Amazon has played a major role in the story of Seattle's development since it moved its corporate offices to the South Lake Union neighborhood in 2010.

Amazon continues to grow like crazy. According to its fourth-quarter earnings report in February, Amazon added more than 110,000 employees in 2016, bringing the total global headcount to more than 340,000. The company currently has more than 30,000 employees in Seattle and is listing more than 10,000 open jobs in the metro area.

It's bursting at the seams of its office space and has unveiled big plans for new buildings in the Denny Triangle neighborhood of Seattle, just a few minutes' walk south from its current campus in South Lake Union. The plan calls for the creation of three giant, greenery-filled domes called Biospheres, as well as several new skyscrapers across four blocks in the neighborhood. The first of those towers, known as Doppler, opened in 2015.

By 2022, when construction is expected to be complete, Amazon could occupy about 12 million square feet of real estate in Seattle, which is more than 20% of the city's current total office inventory, according to GeekWire. That square footage would be spread out among more than 40 buildings in Seattle.

With such a large footprint, Amazon has changed the once industrial area north of Seattle's downtown. In the process, it has become a symbol of how the tech boom has altered the city's cultural fabric and increased the cost of living along the way.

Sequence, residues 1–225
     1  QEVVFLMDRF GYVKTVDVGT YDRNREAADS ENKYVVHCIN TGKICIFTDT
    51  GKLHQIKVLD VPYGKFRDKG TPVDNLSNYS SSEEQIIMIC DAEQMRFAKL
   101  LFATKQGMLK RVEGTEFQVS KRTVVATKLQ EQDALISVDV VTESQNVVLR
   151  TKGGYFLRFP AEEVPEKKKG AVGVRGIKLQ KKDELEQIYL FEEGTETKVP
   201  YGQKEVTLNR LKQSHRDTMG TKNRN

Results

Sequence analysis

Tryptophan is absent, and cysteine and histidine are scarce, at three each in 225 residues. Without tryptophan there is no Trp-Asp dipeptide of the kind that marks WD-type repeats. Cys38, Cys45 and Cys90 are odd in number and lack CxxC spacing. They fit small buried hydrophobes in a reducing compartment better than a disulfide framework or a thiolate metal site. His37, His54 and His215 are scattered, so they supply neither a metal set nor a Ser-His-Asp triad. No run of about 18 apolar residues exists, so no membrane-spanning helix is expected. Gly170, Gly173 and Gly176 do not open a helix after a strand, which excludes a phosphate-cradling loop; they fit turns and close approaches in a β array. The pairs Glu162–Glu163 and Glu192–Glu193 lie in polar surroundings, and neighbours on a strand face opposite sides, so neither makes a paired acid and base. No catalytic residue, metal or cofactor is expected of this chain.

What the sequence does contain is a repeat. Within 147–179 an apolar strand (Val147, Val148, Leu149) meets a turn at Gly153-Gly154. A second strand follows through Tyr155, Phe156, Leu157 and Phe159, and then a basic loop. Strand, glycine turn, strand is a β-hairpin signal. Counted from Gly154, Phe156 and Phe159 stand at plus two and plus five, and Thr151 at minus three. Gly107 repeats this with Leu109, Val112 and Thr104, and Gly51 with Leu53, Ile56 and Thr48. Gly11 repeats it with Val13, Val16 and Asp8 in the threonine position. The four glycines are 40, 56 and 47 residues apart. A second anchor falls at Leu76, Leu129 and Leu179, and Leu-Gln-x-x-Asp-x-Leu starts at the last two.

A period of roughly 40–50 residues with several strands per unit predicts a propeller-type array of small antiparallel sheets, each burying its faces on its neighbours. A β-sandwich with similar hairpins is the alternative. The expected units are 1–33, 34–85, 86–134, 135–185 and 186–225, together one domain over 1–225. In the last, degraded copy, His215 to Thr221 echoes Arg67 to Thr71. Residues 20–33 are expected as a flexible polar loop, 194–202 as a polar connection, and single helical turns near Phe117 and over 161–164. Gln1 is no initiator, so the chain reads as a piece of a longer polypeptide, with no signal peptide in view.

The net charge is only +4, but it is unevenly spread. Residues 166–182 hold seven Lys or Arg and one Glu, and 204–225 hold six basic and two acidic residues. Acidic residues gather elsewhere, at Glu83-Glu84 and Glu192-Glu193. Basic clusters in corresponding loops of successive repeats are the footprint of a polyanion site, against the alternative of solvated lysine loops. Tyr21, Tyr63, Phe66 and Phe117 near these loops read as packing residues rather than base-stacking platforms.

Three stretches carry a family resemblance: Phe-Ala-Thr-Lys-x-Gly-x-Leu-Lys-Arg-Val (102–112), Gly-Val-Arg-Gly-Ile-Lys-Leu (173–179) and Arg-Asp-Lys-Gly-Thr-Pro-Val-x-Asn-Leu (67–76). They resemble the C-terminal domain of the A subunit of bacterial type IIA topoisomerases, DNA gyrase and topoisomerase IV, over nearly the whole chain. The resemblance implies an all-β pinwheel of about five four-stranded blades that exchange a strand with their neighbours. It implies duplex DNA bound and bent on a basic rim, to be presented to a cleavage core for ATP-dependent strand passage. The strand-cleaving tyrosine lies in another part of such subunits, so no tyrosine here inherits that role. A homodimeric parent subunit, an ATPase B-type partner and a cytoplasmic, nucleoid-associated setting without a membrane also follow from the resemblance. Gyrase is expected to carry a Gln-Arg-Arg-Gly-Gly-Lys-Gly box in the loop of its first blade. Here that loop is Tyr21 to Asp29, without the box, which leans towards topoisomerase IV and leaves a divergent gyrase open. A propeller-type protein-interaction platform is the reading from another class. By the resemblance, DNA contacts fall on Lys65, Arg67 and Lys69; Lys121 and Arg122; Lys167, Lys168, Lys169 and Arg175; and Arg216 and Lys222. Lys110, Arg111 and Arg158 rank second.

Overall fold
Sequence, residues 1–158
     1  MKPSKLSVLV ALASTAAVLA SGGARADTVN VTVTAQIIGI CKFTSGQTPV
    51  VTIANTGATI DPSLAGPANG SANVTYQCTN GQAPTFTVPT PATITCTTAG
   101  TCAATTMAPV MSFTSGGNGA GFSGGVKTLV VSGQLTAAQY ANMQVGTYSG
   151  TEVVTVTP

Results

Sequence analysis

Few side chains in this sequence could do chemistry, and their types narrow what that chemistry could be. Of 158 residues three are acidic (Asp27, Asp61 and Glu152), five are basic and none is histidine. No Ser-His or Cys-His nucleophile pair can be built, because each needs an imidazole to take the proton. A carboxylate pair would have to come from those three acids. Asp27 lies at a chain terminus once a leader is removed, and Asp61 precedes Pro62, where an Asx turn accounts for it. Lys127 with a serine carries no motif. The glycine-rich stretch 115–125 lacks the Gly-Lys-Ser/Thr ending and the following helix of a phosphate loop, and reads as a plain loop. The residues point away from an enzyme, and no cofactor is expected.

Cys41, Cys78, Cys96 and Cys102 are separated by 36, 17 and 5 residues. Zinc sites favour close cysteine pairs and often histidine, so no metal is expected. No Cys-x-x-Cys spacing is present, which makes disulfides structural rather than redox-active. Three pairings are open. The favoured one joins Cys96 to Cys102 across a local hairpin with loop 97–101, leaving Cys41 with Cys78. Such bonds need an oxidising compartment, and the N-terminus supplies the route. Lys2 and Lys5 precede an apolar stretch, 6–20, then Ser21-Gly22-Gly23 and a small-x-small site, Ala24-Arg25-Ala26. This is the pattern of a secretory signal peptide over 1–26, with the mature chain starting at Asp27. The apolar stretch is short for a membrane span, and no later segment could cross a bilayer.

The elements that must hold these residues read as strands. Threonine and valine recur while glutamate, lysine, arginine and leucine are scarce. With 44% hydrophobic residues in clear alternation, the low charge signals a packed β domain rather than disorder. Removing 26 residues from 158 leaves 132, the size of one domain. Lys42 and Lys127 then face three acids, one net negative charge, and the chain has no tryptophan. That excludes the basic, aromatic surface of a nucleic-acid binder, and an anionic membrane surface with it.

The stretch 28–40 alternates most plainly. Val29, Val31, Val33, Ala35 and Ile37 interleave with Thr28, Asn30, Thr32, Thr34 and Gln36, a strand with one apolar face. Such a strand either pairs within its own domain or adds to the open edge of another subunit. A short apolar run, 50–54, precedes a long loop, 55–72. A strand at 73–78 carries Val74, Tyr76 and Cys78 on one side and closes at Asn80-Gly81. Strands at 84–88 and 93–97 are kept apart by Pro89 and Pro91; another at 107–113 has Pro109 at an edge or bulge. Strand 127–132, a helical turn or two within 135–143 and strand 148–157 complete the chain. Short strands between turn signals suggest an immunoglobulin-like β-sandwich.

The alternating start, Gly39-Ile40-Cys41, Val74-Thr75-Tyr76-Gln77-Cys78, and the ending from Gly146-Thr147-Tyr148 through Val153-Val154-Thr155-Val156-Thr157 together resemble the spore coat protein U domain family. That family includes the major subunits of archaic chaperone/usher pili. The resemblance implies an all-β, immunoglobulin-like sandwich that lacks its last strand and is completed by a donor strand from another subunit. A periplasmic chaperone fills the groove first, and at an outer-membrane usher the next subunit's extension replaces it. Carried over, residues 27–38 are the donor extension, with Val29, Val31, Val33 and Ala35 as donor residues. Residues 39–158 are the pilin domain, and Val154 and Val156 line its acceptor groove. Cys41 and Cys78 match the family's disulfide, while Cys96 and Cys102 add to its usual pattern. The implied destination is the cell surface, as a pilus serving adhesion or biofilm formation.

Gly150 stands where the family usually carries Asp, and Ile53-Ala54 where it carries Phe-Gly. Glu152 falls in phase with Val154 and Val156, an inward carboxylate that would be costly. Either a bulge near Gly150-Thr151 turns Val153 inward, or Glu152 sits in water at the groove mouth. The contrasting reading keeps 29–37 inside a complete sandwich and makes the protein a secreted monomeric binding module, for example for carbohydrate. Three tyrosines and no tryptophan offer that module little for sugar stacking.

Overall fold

"Tech is not alone. Let's just say that tech was the catalyst, or the driver, of this change," Skylar Olsen, Zillow's senior managing economist, told Business Insider. "Amazon decided to move its campus here, and it really set that off."

According to the most recent analysis by Inrix, Seattle drivers spent an average of 55 hours stuck in traffic in 2016, placing it among the top 10 worst US cities for congestion. CityLab reported in 2015 that there was also a slight gender disparity in Seattle -- about 1,068 single men for every 1,000 single women.

Some locals have given a name to this phenomenon of surging prices, terrible traffic, overcrowding, and culture clash: "Amageddon."

Jeff Reifman wrote in a 2014 op-ed in GeekWire:

"A lot about our Amazon-fueled future is just plain obvious: Seattle will be more male, even more white, wealthier and less diverse, unaffordable to those with lower incomes including the firestarters of culture, artists. The city's spacious skyline, which offered scenic views from many areas of town, will be forever transformed; anyone who lives here knows it already has been. Many parts of Seattle are unrecognizable from last year let alone a few years ago."

Amazon touts many of the investments it has made in its home city, including gifts for engineering programs at the University of Washington and the funding of a "district energy system" that uses recycled energy to heat office spaces. According to an Amazon representative, the company has given tens of millions of dollars to affordable-housing efforts and donated to more than 100 charities across Seattle.

Internal surveys have shown that 55% of Amazon employees use public transportation, walk, or bike to work, and only 15% of employees live within the same ZIP code as their office.